Industrial Production Falls Sharply in Euro area
Industrial output in the euro area registered its steepest decline in more than a year, as the struggling currency bloc continues to cope with an uneven recovery.
Industrial production declined 1.1 percent in October and at an annualized rate of 0.2 percent, according to official estimates from the European Commission. Analysts polled by Reuters forecasted a gain 0.3 percent in October after a revised 0.2 percent decline the previous month.
Output in the energy and durable consumer goods sectors declined for the fifth time in the last six months. Energy production fell 4 percent in October after a 1.5 percent gain the prior month. Durable goods fell 2.4 percent after a 1.5 percent drop in September. Capital goods and nondurable consumer goods fell 1.3 percent and 0.9 percent, respectively. The lone industry to report gains in October was intermediate goods, which rose 0.4 percent.
Ireland’s industrial sectors were the hardest hit in October, declining 11.6 percent after a 2.2 percent hike in September. Production levels fell 1.2 percent in Germany, 3.5 percent in the Netherlands, 0.9 percent in Greece and 0.8 percent in Spain.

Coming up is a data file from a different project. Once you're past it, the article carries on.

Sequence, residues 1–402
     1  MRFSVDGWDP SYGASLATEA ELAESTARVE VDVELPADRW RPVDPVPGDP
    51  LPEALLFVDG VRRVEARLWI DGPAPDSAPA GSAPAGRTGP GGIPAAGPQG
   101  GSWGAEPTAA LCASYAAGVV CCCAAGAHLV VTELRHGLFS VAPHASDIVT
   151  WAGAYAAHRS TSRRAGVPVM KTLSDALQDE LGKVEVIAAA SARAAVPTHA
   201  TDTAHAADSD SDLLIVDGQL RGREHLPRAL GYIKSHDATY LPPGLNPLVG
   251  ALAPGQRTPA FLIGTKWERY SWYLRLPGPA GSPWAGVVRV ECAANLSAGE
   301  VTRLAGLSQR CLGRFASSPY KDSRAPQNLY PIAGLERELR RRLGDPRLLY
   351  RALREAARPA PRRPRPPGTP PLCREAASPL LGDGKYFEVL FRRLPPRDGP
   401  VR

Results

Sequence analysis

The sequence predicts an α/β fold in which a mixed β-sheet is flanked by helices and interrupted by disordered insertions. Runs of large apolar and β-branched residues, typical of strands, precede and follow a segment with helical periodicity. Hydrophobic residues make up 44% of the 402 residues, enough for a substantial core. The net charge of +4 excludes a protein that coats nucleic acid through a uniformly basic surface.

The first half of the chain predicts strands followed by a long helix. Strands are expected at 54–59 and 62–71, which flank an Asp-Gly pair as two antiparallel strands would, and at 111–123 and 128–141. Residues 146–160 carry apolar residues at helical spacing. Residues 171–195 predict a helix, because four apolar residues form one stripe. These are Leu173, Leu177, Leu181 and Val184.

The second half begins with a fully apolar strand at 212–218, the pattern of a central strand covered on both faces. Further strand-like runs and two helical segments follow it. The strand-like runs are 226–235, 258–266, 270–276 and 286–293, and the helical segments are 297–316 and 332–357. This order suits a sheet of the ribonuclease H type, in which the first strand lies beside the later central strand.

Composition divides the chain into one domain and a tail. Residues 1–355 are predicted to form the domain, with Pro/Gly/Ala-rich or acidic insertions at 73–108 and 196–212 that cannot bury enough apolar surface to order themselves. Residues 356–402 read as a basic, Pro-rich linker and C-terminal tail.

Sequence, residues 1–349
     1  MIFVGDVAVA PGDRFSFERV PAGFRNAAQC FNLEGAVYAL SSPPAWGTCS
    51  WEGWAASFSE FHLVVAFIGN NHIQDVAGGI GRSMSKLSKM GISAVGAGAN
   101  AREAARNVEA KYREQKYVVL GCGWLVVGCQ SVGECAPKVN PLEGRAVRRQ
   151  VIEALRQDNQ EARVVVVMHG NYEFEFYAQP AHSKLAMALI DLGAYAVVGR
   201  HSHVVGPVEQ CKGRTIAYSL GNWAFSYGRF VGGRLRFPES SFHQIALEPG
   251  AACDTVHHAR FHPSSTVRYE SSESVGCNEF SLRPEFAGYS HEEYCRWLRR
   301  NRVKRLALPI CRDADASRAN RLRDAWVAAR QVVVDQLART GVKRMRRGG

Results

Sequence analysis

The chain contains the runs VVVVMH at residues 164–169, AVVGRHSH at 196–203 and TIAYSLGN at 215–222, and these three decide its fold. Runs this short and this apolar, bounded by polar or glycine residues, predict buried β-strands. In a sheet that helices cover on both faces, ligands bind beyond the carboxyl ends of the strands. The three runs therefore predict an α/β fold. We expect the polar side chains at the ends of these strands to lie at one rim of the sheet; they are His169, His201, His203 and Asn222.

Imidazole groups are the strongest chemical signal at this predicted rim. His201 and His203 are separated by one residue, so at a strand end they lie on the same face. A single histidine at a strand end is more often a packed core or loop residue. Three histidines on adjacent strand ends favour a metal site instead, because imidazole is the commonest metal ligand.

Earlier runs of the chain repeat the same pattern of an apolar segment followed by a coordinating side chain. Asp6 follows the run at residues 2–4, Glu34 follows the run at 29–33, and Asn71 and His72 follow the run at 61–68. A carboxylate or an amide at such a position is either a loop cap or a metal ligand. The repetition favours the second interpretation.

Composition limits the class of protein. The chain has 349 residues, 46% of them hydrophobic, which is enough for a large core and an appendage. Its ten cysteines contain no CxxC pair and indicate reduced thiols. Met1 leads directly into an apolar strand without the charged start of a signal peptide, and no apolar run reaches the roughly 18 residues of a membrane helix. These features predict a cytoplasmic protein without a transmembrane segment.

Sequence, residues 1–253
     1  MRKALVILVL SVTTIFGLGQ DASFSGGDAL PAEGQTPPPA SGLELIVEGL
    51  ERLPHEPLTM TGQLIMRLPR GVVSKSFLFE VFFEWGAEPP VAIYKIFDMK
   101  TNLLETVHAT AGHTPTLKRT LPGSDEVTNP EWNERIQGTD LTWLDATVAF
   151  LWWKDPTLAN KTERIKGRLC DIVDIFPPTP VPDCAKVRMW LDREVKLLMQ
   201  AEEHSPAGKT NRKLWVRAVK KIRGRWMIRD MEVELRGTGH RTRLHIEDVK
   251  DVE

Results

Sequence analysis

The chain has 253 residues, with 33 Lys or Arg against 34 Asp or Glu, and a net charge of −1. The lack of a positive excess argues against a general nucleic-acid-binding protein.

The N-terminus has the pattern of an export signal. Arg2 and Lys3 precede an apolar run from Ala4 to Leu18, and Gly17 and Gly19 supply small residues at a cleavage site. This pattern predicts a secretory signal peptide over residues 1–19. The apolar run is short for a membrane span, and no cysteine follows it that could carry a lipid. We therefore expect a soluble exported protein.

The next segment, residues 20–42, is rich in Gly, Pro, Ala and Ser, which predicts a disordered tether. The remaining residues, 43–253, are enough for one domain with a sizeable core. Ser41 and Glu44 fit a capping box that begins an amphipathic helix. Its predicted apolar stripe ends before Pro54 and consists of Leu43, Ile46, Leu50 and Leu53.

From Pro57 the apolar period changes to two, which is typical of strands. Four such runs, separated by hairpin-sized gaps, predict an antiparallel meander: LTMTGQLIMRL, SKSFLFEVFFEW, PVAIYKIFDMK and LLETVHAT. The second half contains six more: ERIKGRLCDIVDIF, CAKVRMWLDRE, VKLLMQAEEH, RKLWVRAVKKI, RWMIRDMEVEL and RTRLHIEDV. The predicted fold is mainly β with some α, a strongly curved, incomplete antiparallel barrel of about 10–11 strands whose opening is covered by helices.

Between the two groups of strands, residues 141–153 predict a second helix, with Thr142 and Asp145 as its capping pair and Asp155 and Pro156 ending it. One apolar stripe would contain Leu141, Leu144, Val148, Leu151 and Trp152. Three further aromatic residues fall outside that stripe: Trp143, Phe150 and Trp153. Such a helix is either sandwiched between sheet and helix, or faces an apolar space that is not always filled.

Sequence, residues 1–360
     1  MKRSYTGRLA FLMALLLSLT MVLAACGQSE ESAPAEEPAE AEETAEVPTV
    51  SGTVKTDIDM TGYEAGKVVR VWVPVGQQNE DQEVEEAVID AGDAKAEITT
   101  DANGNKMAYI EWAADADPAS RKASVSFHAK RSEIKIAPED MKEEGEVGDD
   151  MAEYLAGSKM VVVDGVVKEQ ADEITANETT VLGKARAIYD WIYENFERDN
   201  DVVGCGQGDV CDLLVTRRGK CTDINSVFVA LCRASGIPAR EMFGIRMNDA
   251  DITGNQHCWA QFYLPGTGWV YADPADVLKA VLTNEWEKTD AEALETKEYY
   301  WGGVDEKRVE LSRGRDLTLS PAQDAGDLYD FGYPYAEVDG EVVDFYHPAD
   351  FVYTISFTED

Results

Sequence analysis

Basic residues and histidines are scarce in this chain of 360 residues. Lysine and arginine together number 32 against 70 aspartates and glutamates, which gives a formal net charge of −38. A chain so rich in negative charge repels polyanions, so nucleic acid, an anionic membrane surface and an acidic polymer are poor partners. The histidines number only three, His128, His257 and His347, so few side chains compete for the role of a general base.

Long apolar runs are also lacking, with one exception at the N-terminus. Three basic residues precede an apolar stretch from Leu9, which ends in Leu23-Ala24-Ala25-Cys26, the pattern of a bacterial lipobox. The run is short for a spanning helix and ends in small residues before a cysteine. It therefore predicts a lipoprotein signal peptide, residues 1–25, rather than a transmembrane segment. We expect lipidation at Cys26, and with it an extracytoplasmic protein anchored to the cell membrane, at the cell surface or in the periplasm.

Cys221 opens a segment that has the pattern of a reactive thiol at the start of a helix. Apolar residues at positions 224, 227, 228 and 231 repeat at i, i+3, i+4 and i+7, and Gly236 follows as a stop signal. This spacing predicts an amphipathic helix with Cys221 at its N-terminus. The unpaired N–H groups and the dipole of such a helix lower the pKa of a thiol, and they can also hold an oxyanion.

“Industrial production figures clearly highlight the bumpy and fragile nature of the Eurozone’s economic recovery,” said Martin van Vliet of ING. “With Eurozone growth seemingly stuck in low gear disinflationary pressures will persist, thereby keeping the possibility of further ECB action very much alive.”
Although the euro region officially exited recession in the second quarter, disinflation has prompted the European Central Bank to consider more drastic measures to stimulate the economy. Introducing a negative deposit rate is one policy tool the ECB has been considering, according to several reports. The ECB unexpectedly slashed interest rates to a record low of 0.25 percent in November in reaction to the slowest pace of inflation growth in four years.
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